Most people need to hear those "three little words" I love you. Once in a while, they hear them just in time.
I met Connie the day she was admitted to the hospice1 ward, where I worked as a volunteer. Her husband, Bill, stood nervously nearby as she was transferred from the gurney2 to the hospital bed. Although Connie was in the final stages of her fight against cancer, she was alert and cheerful. We got her settled in. I finished marking her name on all the hospital supplies she would be using, then asked if she needed anything.
"Oh, yes," she said, "would you please show me how to use the TV? I enjoy the soaps so much and I don't want to get behind on what's happening." Connie was a romantic. She loved soap operas, romance novels and movies with a good love story. As we became acquainted, she confided how frustrating it was to be married 32 years to a man who often called her "a silly woman."
"Oh, I know Bill loves me," she said, "but he has never been one to say he loves me, or send cards to me." She sighed and looked out the window at the trees in the courtyard. "I'd give anything if he'd say ‘I love you,' but it's just not in his nature."
Bill visited Connie every day. In the beginning, he sat next to the bed while she watched the soaps. Later, when she began sleeping more, he paced up and down the hallway outside her room. Soon, when she no longer watched television and had fewer waking moments, I began spending more of my volunteer time with Bill.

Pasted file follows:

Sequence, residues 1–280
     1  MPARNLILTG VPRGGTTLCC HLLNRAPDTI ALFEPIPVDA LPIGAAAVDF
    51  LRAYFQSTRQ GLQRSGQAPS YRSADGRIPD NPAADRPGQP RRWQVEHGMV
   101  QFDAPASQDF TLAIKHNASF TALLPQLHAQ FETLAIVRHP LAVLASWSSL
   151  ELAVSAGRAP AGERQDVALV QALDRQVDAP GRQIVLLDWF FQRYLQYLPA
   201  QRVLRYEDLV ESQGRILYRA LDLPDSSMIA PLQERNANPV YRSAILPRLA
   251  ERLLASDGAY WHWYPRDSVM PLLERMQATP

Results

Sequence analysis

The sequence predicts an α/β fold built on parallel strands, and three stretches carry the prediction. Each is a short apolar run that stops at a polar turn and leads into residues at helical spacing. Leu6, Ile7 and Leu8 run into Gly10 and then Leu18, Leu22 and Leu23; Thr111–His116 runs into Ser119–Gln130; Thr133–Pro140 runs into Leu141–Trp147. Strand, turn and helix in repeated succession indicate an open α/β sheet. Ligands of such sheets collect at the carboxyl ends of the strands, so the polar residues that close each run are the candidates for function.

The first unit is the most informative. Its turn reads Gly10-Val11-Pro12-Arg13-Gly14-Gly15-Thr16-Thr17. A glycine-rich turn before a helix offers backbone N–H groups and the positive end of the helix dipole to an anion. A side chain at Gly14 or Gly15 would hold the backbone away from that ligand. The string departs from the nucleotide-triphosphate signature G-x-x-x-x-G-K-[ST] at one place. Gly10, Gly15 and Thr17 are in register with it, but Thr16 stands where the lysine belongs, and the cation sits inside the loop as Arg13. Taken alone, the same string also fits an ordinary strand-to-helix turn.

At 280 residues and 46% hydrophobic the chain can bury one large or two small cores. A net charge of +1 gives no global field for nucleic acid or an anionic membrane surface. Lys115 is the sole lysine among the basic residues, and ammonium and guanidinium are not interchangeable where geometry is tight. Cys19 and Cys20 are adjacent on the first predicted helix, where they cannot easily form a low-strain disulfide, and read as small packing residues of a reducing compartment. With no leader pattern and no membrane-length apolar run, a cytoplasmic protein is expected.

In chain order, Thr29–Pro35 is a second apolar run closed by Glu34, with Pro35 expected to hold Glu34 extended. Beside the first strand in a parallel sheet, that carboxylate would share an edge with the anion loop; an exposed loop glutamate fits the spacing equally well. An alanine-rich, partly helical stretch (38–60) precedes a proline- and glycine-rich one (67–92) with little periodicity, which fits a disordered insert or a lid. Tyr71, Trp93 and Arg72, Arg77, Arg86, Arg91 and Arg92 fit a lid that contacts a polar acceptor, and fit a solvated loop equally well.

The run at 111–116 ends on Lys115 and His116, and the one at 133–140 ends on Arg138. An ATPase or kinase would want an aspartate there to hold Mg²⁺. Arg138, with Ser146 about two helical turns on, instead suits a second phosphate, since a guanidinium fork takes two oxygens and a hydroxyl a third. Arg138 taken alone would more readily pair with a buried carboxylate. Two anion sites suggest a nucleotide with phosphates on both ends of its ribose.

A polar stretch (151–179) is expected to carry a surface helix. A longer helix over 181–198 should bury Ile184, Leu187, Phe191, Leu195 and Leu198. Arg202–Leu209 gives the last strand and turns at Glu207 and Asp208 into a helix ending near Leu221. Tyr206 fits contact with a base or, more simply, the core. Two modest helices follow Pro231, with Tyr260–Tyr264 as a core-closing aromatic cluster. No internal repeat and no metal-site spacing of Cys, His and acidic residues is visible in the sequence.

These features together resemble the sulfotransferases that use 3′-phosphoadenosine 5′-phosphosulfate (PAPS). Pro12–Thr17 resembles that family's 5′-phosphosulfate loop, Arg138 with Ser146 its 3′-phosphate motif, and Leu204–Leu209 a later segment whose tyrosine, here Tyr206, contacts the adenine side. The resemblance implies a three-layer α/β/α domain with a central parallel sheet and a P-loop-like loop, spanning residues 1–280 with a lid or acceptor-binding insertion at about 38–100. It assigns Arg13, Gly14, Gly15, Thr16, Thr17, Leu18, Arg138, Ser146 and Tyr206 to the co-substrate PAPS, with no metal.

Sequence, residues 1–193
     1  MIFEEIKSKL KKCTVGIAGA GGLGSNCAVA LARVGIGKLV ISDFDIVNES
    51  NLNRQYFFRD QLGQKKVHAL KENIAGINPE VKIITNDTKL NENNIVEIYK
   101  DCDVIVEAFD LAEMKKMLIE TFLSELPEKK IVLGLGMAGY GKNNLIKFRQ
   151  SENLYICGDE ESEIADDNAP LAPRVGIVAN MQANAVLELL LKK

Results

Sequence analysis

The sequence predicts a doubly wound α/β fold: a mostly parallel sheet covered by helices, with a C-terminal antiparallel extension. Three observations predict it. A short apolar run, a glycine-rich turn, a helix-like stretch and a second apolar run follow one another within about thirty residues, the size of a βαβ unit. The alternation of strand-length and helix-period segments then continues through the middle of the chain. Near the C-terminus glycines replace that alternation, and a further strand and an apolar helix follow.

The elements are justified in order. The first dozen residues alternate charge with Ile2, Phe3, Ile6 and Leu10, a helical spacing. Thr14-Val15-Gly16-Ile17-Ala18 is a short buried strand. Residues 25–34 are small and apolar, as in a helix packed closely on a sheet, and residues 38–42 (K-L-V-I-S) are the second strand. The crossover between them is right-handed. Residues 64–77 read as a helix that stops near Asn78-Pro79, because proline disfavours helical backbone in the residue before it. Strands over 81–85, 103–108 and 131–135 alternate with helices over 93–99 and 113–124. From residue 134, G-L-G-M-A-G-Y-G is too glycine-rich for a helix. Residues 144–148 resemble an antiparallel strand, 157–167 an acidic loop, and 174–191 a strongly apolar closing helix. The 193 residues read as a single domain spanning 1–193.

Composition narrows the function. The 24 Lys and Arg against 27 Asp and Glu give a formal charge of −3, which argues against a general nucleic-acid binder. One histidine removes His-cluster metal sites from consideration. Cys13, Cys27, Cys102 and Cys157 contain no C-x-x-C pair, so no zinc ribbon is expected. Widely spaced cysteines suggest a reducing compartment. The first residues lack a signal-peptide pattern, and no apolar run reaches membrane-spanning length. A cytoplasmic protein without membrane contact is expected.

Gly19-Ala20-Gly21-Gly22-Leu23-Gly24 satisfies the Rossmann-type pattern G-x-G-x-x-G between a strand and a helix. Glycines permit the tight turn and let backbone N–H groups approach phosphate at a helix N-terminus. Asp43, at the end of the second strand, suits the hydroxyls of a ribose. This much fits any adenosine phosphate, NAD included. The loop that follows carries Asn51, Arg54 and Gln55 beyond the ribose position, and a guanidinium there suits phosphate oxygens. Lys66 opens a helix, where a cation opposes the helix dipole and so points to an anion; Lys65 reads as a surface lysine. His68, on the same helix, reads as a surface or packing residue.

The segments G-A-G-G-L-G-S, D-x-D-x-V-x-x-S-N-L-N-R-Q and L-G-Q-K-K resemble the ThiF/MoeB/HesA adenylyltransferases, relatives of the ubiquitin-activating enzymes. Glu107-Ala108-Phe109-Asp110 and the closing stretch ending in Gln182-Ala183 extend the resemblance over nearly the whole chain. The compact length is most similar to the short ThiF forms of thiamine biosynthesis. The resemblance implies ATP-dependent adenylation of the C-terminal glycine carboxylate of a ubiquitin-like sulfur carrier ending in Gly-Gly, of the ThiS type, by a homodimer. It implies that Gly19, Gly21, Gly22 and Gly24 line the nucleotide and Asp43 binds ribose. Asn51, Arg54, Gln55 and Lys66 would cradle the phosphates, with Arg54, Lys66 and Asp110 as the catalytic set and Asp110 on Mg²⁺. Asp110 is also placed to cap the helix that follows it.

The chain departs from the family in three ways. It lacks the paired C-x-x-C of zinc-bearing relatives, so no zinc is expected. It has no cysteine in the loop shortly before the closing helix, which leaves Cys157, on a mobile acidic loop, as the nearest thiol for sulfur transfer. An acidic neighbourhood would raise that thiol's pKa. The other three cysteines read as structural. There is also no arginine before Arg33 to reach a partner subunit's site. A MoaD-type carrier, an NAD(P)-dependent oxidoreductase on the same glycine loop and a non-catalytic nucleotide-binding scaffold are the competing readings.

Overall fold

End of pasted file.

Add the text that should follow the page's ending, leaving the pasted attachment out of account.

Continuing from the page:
He talked about having worked as a carpenter and how he liked to go fishing. He and Connie had no children, but they'd been enjoying retirement by traveling, until Connie got sick. Bill could not express his feelings about the fact that his wife was dying.
One day, over coffee in the cafeteria, I got him on the subject of women and how we need romance in our lives; how we love to get sentimental1 cards and love letters.
"Do you tell Connie you love her?" I asked , and he looked at me as if I was crazy.
"I don't have to," he said. "She knows I do!"
"I'm sure she knows," I said, reaching over and touching his hands rough, carpenter's hands that were gripping the cup as if it were the only thing he had to hang onto "but she needs to hear it, Bill. She needs to hear what she has meant to you all these years. Please think about it."
We walked back to Connie's room. Bill disappeared inside, and I left to visit another patient. Later, I saw Bill sitting by the bed. He was holding Connie's hand as she slept. The date was February 12.
Two days later I walked down the hospice ward at noon. There stood Bill, leaning up against the wall in the hallway, staring at the floor. I already knew from the head nurse that Connie had died at 11 A.M..
When Bill saw me, he allowed himself to come into my arms for a long time. His face was wet with tears and he was trembling. Finally, he leaned back against the wall and took a deep breath.